Favourite spots:
Uda Walawe National Park - elephants with calf
Uda Walawe National Park - elephants with calf
o Trincomalee – get there before mass tourism does!
o Hill Country around Kandy & Nuwara Eliya - the tea plantations are a must see.
o Pinnawela Elephant Orphanage – tourists galore but great elephant photo opportunities.
o Sigiriya Lion Rock Fortress – A world Heritage site and branded the 8th wonder of the world. 180 metres high.
o Dambulla Cave Temple – Great even after you are “templed out”. o Temple of The Tooth Ceremony, Kandy – moving, meaningful and spectacular to Sri Lankans’ too.
o Arugam Bay on the South East Coast – A surfer’s beach to end all beaches!
o Ula Walawe or Kaudulla National Parks for elephant – they’re far superior to the more touted but less wildlife populated Yala National Park.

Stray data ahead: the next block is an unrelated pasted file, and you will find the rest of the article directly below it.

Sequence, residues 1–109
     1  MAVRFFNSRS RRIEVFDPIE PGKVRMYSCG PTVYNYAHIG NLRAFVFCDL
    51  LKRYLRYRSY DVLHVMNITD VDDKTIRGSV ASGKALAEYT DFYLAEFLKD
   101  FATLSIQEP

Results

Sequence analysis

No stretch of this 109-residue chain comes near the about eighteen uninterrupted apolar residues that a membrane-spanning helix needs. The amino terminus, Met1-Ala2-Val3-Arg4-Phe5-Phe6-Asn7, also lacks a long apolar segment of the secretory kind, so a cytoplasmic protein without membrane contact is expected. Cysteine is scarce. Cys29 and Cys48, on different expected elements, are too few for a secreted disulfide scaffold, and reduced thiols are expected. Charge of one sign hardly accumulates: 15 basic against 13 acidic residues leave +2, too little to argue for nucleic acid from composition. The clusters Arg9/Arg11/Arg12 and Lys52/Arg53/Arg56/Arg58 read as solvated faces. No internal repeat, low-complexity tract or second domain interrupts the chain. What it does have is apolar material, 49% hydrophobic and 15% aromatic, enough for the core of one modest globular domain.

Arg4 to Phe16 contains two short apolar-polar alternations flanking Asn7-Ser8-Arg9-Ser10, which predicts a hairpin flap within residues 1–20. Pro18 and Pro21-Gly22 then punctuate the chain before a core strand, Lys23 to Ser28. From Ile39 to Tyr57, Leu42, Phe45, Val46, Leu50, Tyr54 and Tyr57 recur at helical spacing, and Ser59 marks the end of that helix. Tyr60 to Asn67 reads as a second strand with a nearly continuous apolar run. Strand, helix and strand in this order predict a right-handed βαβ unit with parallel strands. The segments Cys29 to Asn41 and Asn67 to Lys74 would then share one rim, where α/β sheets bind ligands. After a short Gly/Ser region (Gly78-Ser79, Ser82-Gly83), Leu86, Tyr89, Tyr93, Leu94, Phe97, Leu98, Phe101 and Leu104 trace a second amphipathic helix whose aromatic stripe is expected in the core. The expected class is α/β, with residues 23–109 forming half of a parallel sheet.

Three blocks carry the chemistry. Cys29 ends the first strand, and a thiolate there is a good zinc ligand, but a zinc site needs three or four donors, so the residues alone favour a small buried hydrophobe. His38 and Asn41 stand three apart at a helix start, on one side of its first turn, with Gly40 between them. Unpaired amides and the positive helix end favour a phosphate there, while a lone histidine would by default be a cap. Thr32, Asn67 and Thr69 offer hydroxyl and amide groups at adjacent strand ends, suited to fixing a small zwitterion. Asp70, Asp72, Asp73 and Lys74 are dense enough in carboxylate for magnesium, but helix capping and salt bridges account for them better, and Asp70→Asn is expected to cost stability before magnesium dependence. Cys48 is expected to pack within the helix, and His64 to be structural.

o The coast road from Colombo to the South Coast. Full of empty outstanding beaches, Dickwella and Marissa being just two alluring examples.
o Colombo – returns you back to reality. Pockets of sophistication amongst predominately abject poverty.

What's really great:
Anuradhupura - A true Buddhist Monk
Anuradhupura - A true Buddhist Monk
An accepted part of everyday Sri Lankan life are Buddhist Monks, there lifestyle fascinated me. Being vegetarians they eat just two meals a day – breakfast & lunch. They are allowed just 8 possessions or items to carry for their survival. The only 8 items that they are allowed to carry are: - 3 sets of robes (which he must make himself),
Begging Bowl,
Shiva Knife (Razor),
Needle & Cord.